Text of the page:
Student intern reflects on experience with Obama campaign

By Rochelle McConkie, News Editor

When President-elect Barack Obama gave his acceptance speech in Grant Park, Jordan Breighner was bawling his eyes out.

Breighner, a senior in economics, spent the last four months working as an intern for the Obama campaign in Chicago, and the last two weeks leading up to the election working 120-hour weeks, waking up at 8 a.m., going to bed at 4 a.m., only to shower, change clothes and do it all over again the next day.

It was all worth it, Breighner said.

When the campaign got word their candidate had won the state of Ohio the night of Nov. 4, Breighner and other campaign workers walked down from their Chicago office to meet the crowd awaiting the victory.

“Everyone was crying, screaming and running,” Breighner said. “It was the most amazing, inspiring thing…I was part in shock. It was over and all our work we’d done had paid off.”

Breighner worked as a targeting intern for the Obama campaign, where he used the Internet in a way he said campaigns had never done before8212;identifying “sporadic” voters who would be likely to support Obama based on demographics such as age, sex, where they live and income levels.

Breighner said the Obama campaign used new technology to get ahead as early as the primaries.

“The Clinton campaign had all the establishment and all the traditional campaign tactics. Our campaign had to find non-traditional ways to gain support,” Breighner said, such as with YouTube videos, social networking, caucus events and “Get Out The Vote” efforts in swing states.

Most people working on targeting, a technique taken from the banking industry, had economics degrees, Breighner said, and they basically acted as analysts.

Kirk Jowers, director of the Hinckley Institute of Politics, said Breighner’s work with targeting was invaluable. The Hinckley Institute helped Breighner coordinate the internship, although they could not sponsor him due to campaign finance laws.
“The Obama campaign has taken quantum leaps from past campaigns in so many areas, and targeting is at the top of that,” Jowers said. “(Breighner’s) experience will really put him at the cutting edge with the entire country on how the methodology works.”

Jowers said the targeting techniques could also be applied to other fields, such as charity work and in the private sector.

The Hinckley Institute helped Breighner get the internship through a connection with a former Hinckley intern, Kallie Hanley, who worked at the Democratic National Committee in spring 2007 and had connections with the Obama campaign. Breighner began working in Chicago Aug. 1.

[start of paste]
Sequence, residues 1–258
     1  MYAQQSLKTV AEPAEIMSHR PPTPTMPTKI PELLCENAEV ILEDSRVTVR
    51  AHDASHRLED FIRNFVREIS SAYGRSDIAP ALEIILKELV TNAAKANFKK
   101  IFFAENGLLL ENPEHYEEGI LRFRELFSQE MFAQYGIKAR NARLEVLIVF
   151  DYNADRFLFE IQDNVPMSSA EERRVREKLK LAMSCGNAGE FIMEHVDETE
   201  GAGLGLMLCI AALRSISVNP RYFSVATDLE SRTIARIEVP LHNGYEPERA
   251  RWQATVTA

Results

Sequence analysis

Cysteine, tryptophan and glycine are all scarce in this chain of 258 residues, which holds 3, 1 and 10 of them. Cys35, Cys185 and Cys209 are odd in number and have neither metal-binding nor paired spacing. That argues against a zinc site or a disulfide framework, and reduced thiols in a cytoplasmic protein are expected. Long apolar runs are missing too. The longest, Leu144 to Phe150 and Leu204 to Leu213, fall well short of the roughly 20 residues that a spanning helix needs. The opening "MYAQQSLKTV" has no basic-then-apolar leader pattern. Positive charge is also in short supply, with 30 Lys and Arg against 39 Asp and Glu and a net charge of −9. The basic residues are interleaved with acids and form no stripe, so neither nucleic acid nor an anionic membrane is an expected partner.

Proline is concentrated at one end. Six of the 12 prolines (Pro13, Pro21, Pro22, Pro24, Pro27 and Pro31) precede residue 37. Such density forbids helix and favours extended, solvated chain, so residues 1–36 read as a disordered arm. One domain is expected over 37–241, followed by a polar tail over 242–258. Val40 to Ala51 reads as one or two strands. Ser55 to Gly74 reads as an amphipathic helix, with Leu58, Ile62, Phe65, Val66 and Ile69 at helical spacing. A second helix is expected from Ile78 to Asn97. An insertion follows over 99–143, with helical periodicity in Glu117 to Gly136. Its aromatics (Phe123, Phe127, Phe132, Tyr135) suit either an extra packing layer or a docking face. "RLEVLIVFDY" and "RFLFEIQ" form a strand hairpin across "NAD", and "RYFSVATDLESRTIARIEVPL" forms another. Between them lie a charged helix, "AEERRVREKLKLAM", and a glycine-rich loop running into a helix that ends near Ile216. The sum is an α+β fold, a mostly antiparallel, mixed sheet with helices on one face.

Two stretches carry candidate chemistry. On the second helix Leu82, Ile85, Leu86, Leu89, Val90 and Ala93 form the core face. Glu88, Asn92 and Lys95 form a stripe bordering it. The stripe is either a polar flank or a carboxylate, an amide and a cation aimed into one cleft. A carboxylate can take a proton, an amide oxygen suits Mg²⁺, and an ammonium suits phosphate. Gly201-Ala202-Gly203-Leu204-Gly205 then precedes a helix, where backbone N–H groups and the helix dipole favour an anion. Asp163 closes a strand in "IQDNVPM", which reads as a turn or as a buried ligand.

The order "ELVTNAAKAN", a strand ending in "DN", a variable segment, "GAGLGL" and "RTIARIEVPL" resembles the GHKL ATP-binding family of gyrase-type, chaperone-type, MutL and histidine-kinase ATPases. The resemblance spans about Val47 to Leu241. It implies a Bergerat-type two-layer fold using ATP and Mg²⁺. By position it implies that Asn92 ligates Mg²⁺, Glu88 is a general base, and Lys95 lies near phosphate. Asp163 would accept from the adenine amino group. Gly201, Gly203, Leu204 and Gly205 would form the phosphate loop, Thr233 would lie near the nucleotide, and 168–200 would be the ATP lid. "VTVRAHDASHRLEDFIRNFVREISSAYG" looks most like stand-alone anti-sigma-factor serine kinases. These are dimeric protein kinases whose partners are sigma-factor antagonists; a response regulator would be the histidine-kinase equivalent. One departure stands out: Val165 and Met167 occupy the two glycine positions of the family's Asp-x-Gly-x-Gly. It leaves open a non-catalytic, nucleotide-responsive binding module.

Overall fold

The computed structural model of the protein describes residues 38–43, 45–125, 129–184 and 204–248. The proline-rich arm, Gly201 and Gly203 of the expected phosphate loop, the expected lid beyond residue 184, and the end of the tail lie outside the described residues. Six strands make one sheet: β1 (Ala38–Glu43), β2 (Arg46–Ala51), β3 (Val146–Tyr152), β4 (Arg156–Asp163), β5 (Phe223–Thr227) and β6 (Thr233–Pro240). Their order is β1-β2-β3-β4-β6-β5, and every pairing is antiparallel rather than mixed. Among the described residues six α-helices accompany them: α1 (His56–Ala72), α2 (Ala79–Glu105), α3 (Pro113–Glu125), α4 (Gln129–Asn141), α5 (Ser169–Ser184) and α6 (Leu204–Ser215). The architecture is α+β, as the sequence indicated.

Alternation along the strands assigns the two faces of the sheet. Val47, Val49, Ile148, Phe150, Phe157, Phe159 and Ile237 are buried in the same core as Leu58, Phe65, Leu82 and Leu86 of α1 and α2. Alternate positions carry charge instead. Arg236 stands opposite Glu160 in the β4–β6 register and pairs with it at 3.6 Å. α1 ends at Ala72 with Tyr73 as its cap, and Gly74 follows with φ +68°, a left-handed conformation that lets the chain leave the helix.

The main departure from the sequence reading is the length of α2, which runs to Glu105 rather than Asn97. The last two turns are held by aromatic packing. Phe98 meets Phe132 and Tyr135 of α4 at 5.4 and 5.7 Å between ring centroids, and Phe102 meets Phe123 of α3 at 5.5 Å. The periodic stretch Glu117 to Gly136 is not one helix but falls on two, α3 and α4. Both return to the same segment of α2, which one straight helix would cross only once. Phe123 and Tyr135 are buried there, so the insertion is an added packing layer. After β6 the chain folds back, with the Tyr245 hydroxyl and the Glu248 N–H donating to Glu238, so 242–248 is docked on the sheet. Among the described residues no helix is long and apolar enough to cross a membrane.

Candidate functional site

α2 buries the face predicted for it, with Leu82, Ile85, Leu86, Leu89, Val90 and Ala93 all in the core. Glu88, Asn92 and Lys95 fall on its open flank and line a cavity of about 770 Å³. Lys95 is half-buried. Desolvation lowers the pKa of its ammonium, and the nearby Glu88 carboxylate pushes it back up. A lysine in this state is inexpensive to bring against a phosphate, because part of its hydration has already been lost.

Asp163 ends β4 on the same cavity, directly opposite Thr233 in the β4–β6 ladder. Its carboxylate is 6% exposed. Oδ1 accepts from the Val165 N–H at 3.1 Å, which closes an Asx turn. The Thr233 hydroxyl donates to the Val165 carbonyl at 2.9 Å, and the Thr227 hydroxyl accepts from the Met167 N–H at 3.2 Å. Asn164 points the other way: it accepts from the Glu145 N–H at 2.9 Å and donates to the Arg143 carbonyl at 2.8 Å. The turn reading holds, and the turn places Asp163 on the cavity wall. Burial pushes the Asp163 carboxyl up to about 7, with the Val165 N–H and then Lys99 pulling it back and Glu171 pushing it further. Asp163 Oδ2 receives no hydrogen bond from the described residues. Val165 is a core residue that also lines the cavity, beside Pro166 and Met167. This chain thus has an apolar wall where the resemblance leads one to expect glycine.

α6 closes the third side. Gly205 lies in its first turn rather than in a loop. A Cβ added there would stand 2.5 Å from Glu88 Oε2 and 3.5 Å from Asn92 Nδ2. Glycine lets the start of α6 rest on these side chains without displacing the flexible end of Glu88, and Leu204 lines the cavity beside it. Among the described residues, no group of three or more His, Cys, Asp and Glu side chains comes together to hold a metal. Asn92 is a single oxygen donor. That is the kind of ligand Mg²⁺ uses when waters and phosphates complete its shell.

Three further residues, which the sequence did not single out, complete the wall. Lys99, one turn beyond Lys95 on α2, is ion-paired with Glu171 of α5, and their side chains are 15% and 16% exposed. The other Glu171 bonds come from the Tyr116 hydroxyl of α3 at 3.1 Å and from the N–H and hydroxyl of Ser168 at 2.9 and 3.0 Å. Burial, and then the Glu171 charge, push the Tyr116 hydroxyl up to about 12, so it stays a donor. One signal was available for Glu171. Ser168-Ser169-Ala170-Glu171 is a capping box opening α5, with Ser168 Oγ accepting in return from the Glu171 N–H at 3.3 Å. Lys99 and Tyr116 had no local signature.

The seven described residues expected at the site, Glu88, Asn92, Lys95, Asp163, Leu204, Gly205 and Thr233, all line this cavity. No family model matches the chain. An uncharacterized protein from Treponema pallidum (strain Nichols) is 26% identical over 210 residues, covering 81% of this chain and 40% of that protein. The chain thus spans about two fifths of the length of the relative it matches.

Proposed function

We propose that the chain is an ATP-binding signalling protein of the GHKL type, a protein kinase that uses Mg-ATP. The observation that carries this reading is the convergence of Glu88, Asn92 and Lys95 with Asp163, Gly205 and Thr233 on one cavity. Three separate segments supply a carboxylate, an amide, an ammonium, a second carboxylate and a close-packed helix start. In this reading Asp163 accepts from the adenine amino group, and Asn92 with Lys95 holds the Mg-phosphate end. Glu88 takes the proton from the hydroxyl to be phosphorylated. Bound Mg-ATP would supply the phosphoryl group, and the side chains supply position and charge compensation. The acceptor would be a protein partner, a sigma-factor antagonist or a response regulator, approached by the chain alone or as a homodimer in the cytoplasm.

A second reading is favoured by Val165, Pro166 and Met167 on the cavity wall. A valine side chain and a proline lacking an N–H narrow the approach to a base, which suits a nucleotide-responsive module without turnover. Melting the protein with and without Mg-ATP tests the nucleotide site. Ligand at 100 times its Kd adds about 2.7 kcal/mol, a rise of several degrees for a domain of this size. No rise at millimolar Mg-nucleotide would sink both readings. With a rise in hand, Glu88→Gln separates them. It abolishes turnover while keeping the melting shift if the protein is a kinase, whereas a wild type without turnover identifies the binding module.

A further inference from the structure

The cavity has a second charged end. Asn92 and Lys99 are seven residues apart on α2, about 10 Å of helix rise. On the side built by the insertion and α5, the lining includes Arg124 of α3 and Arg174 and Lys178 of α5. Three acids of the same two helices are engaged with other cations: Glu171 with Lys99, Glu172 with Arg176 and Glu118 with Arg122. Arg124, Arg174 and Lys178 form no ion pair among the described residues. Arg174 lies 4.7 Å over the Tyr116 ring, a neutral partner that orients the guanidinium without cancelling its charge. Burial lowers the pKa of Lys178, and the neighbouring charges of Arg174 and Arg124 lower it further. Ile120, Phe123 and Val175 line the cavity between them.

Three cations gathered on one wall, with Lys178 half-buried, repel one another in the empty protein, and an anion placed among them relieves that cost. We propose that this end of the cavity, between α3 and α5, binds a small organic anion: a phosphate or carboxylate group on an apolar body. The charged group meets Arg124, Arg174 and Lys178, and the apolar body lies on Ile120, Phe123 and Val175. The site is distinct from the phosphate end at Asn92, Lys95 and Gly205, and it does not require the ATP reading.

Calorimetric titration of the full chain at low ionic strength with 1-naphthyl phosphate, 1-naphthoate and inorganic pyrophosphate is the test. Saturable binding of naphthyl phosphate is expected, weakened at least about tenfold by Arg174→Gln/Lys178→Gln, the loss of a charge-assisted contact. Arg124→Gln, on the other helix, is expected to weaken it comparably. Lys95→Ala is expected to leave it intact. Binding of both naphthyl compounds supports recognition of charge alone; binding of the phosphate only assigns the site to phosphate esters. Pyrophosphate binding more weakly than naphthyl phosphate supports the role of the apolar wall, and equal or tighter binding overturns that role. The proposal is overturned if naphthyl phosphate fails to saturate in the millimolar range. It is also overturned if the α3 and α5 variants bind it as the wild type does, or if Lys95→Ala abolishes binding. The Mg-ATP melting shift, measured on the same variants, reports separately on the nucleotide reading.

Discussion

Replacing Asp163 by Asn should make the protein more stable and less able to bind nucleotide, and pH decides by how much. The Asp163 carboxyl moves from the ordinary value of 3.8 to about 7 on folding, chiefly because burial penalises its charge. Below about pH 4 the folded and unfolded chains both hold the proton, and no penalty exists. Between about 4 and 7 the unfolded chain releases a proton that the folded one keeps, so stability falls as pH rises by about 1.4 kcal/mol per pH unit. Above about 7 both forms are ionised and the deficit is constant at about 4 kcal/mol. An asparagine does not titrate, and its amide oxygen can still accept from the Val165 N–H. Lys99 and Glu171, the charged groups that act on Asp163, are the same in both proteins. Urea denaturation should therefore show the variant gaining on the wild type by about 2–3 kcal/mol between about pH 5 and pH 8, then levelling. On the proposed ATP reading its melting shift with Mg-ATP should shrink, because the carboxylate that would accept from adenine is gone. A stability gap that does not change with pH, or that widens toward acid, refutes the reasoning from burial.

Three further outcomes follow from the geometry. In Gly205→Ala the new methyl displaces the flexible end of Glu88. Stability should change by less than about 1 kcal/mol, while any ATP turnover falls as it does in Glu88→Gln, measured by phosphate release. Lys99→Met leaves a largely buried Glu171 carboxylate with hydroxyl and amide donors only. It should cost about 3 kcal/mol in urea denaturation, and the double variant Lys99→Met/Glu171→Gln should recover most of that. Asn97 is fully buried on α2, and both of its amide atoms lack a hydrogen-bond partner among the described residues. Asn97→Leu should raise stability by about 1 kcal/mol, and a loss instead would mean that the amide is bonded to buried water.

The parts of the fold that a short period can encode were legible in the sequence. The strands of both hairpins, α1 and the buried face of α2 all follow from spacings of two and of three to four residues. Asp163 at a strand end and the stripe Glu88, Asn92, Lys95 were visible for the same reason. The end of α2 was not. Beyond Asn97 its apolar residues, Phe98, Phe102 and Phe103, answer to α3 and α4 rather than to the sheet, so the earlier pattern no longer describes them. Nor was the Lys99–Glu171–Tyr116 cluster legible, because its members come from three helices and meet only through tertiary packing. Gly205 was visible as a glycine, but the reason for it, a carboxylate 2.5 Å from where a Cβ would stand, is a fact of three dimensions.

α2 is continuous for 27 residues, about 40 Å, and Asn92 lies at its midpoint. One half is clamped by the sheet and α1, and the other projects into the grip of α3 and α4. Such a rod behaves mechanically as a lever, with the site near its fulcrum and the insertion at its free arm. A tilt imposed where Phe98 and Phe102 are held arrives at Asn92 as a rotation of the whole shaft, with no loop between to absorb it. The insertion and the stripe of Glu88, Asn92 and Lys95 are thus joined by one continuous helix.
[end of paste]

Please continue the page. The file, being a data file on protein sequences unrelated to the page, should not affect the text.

From day one on the job, Breighner said it was a hectic environment.

“I showed up, the boss met me at the front door, showed me my seat and said, “Get to work,'” Breighner said. “There’s a steep learning curve. Everyone has to pull their own weight.”

On one occasion, Breighner did get to personally meet Obama.

Breighner said he was working in an event for big donors and was standing in a room with about 30 people, many of whom were millionaires or billionaires. He said Obama saw his staff badge, walked directly toward him, shook his hand, asked his name and thanked him for his work.

“That little thing to me meant a lot,” Breighner said. “He didn’t have to do that. It indicated that it’s not about the money to him, it’s about the people working for him. He cares.”

Now that the campaign is over, besides catching up on sleep, Breighner is working on post-election wrap-up work in Chicago as Obama prepares to transition into the White House. He said he is thinking about moving to Washington, D.C. to work.

Amy Code, political programs coordinator at the Hinckley Institute, said Breighner could be influential in helping future interns get jobs in the White House or in the Obama Administration.

Breighner said the internship was the most amazing experience of his life.
“Everyone believed in what we were doing on the campaign because (Obama) was who he was8212;a great leader,” Breighner said. “He will call on people to better their own lives.”

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Jordan Breighner